Selling a rifle, end of an era“My son, Brandon, is looking to buy a shotgun,” Rochelle began. “He is 23 and is just now starting to hunt in Colorado.” (Rochelle is a high school friend of my wife, Laurie, and lives in Denver.)
By: Bernie Kuntz, The Jamestown Sun
“My son, Brandon, is looking to buy a shotgun,” Rochelle began. “He is 23 and is just now starting to hunt in Colorado.” (Rochelle is a high school friend of my wife, Laurie, and lives in Denver.)
“I’ve got a couple guns I might sell,” I reply, “But the old Model 50 sometimes doesn’t pick up a shell from the magazine … don’t want to saddle him with that before I get it fixed.”
“No, he wouldn’t want to miss an opportunity at an elk,” Rochelle added.
“Er … now wait a minute — I thought you were inquiring about a shotgun. You use a RIFLE to hunt elk — not a shotgun.” (Rochelle, who is a Massachusetts native, can be pardoned for the rifle/shotgun confusion. In Massachusetts center-fire rifles are NOT allowed for deer hunting.)
After we got that clarified, Laurie said she’d be willing to sell Brandon her Remington Model 700 BDL in .30/06 to “keep it in the family.” (The rifle is equipped with a 4X Redfield scope, circa 1975, that once was mounted on my .270 sheep rifle. I also had some trigger work done on the rifle years ago.)
And so a deal was struck, but now, how to get the rifle and 135 rounds of handloaded ammunition to Denver? (Rochelle was taking a commercial flight back to Denver following a road trip Rochelle and Laurie had made to upper Michigan to visit Laurie’s brother and family.)
“If you check the rifle as baggage, you’ll have to buy a hard case for it. The ammo also will be a problem. With that amount of cartridges, the airlines will believe you are about to start a revolution. If you have a gun dealer ship the rifle, it also will cost you money and then you still have the problem of transporting the ammo.”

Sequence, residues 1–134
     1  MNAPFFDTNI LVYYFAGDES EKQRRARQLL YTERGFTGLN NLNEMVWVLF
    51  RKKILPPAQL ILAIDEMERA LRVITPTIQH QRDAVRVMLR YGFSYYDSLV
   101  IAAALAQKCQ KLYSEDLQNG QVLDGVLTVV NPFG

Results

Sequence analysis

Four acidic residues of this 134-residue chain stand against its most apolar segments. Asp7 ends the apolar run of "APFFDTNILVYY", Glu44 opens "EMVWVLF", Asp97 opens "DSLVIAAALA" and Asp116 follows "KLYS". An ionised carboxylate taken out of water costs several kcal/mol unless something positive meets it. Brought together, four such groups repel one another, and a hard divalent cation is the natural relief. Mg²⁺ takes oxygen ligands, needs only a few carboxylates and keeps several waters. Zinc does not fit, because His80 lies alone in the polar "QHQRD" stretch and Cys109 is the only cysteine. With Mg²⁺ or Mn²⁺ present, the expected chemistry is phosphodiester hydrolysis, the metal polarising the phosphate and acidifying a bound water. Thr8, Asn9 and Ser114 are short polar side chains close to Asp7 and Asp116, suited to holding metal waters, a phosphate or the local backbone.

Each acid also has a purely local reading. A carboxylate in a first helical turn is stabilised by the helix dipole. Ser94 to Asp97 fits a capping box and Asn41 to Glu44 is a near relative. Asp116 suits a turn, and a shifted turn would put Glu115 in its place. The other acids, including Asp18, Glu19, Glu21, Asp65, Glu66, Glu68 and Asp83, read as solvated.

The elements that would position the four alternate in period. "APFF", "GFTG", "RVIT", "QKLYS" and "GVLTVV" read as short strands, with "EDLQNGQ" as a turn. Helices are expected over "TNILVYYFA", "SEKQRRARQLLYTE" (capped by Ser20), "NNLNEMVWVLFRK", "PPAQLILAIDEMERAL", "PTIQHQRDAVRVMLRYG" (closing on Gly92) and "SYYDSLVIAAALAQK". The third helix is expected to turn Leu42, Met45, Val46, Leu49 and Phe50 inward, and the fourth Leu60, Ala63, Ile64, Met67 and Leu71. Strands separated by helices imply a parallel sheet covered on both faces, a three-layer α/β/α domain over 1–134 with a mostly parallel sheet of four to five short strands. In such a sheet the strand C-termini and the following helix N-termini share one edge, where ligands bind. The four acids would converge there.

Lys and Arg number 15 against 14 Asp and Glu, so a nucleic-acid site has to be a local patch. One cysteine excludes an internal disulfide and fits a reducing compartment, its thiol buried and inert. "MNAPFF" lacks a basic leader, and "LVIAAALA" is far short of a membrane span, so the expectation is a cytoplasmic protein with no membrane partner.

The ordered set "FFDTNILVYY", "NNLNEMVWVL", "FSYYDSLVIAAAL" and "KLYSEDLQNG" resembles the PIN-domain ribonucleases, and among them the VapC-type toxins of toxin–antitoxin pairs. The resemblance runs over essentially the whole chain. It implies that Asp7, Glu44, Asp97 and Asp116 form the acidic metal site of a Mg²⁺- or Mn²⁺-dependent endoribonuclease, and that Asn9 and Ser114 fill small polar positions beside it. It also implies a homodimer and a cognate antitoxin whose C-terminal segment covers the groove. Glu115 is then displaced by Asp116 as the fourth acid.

The ladies discussed the situation and decided Rochelle would pay Laurie’s gas and for a motel room and dinner in Casper, Wyo. Laurie could drive down, deliver ammo and the rifle in a soft case, and have a “girls’ night” in Casper. So that is what they did, and Laurie’s .30/06 is now in a new home.
When I met Laurie in July 1982 in Sitka, Alaska she had just bought the rifle. Now, the .30/06 is a fairly stout cartridge, but since Laurie would be using the rifle to hunt Sitka black-tailed deer on Admiralty Island, which has a healthy population of Alaska brown bears, she elected to go with the .30/06 rather than a smaller cartridge.
Her first big game kill with the rifle was in 1982 — a pronghorn antelope in Bates Hole, Wyo. I still have a picture of her with the buck, and the animal’s mounted head is among my antelope collection in my trophy room.
A couple years later she had a boat drop her off on Admiralty Island while I took care of the kids, and that evening she came back with a young Sitka blacktail buck she had taken at Young’s Bay. She told me she was terrified all the while she field-dressed the buck, fearing a brown bear would come upon her.
We moved to Montana in 1986 and Laurie went on to shoot a couple cow elk with the .30/06, a cow moose, about a dozen mule deer and whitetails, and a couple more antelope. Her best deer is a 4 X 4 point buck she killed in the foothills of the Gravelly Range south of Ennis, Mont. in 1996. The antlers hang in our living room.
One of Laurie’s proudest moments was seven or eight years ago when she shot a whitetail doe on some property 20 miles from our house, field-dressed the animal and loaded it herself into the backend of her Subaru Outback. In fact, she did that twice. The last deer she took was in 2005.
These days it is just she and I, and if I shoot a couple big game animals in a season, that is plenty of meat for us. She always has said she’d prefer for me to do the shooting. So it was time to sell the .30/06. For Laurie, is it the end of an era.
Bernie Kuntz, a Jamestown native, has been an Outdoors Columnist for the Sun since 1974